Kevin Keim

On Nov. 10, the Texas Society of Architects presented the Moore/Andersson Compound with its 25-Year Award, adding the Austin complex to a list that includes Renzo Piano, Hon. FAIA’s Menil Collection and Louis Kahn’s Kimbell Art Museum.

In 1984, when AIA Gold Medalist Charles Moore moved to the city to teach at the University of Texas at Austin’s School of Architecture, he and Arthur Andersson, FAIA, began constructing a complex on a site next to a freeway in the city’s Tarrytown neighborhood. Already populated with a 1930s bungalow and addition, the site evolved into the two-house, one-studio complex where Moore lived until his death in 1993. "A leading figure in American architecture and architectural education for three decades, Mr. Moore strove to celebrate a sense of place with a collagelike mix of pop, historical and modernist motifs," wrote Herbert Muschamp in The New York Times. Today, the compound houses the Charles Moore Foundation, which offers residencies and by-appointment tours.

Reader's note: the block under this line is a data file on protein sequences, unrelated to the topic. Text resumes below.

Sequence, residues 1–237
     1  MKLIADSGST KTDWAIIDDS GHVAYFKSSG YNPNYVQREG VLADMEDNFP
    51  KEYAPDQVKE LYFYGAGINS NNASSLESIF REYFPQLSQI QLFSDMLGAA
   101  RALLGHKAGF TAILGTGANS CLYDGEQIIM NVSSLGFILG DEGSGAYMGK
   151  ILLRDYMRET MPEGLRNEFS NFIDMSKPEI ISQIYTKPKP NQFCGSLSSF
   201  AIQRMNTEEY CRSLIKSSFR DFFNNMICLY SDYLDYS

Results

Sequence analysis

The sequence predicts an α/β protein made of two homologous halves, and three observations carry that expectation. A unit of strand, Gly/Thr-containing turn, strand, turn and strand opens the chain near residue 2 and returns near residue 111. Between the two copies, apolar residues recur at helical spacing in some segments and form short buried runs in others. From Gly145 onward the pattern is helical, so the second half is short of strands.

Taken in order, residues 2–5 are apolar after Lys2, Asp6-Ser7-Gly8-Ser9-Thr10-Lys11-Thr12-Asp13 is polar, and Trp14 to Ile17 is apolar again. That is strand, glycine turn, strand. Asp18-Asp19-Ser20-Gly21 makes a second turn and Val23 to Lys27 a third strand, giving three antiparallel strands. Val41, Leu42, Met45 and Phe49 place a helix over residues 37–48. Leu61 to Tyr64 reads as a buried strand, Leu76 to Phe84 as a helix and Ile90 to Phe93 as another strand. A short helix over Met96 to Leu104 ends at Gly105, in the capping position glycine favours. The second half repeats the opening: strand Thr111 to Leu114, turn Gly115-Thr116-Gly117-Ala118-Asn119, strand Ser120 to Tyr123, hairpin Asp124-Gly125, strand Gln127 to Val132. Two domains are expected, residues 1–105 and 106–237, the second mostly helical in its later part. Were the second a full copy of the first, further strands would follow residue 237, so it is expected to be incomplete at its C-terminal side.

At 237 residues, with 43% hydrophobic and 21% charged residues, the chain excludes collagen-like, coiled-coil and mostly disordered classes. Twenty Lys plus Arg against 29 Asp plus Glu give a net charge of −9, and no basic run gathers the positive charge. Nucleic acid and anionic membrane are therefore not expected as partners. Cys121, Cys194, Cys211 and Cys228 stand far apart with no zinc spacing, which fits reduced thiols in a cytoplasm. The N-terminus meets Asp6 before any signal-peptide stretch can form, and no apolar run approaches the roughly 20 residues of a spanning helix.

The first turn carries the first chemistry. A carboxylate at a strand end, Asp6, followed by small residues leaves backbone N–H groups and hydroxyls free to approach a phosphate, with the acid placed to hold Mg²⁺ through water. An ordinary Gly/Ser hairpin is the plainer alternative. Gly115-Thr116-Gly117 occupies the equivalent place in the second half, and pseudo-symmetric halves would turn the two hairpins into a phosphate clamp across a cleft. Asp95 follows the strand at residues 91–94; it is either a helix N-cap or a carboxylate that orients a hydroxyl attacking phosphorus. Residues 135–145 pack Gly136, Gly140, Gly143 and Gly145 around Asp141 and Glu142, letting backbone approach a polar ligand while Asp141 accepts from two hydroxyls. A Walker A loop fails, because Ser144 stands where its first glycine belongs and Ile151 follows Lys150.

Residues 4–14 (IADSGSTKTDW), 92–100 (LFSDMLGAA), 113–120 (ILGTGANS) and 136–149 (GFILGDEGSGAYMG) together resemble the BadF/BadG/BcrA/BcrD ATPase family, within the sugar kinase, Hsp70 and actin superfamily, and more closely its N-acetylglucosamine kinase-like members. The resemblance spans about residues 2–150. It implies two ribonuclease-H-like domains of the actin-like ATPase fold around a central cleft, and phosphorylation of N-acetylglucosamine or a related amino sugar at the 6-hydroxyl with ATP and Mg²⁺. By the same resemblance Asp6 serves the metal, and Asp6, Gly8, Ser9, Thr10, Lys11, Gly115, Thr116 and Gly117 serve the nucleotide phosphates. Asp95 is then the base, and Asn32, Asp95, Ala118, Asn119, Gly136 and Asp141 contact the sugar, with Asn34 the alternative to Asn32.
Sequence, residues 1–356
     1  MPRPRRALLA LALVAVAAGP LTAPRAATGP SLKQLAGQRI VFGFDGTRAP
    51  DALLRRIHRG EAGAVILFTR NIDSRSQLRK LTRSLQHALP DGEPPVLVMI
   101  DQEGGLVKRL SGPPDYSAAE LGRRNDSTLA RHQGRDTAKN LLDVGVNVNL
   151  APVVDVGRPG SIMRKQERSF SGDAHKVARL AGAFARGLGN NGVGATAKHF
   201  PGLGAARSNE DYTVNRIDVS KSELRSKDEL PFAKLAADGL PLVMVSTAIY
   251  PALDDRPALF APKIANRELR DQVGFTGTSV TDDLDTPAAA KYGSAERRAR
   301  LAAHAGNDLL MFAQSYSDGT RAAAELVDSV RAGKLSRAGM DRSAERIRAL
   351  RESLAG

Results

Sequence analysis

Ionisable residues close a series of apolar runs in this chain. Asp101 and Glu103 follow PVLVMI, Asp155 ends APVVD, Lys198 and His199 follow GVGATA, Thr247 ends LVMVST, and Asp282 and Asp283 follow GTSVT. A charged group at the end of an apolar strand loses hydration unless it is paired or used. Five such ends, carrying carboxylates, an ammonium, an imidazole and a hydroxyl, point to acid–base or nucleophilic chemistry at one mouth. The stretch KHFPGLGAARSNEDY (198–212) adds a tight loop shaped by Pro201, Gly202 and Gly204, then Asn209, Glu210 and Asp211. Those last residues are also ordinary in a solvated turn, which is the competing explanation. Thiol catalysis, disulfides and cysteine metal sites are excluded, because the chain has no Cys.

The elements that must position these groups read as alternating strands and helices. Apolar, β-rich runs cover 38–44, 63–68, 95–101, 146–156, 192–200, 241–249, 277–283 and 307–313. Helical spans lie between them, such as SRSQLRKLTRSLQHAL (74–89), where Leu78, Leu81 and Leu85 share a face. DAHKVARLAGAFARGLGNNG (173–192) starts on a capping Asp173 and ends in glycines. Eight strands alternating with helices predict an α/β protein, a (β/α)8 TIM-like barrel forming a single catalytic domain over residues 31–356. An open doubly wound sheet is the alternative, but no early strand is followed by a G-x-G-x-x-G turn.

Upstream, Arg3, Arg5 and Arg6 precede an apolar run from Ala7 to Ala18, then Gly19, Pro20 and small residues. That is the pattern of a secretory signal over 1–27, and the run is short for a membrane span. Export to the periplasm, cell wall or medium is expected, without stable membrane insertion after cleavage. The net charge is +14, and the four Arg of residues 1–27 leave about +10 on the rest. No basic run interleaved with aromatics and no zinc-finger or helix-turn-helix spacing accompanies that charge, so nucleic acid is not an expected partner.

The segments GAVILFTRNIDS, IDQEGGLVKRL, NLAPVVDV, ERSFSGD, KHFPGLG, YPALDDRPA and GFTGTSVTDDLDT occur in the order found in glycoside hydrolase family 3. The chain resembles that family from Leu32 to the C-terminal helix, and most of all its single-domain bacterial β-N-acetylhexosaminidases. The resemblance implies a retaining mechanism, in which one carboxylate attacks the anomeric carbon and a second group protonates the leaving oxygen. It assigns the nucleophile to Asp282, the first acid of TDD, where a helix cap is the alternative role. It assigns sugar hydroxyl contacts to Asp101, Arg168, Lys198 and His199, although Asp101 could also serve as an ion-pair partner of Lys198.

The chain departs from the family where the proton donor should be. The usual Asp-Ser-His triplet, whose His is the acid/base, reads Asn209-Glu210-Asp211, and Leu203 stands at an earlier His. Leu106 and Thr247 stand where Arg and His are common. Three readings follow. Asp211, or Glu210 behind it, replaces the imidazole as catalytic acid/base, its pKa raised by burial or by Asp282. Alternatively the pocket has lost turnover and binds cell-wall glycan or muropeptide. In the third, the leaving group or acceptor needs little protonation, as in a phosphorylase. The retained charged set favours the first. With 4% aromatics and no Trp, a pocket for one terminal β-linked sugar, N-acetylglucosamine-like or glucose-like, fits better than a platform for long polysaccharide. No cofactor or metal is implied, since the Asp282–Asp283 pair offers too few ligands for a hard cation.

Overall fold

“One of Charles Moore’s last works, it is an outstanding representation of his approach—bold, with a strong sense of urbanism despite its modest size,” wrote Robert A.M. Stern, FAIA, in his nomination letter. “The swing of its great room in plan and section makes for one of the most memorable interior spaces of our time.”

Moore/Andersson Compound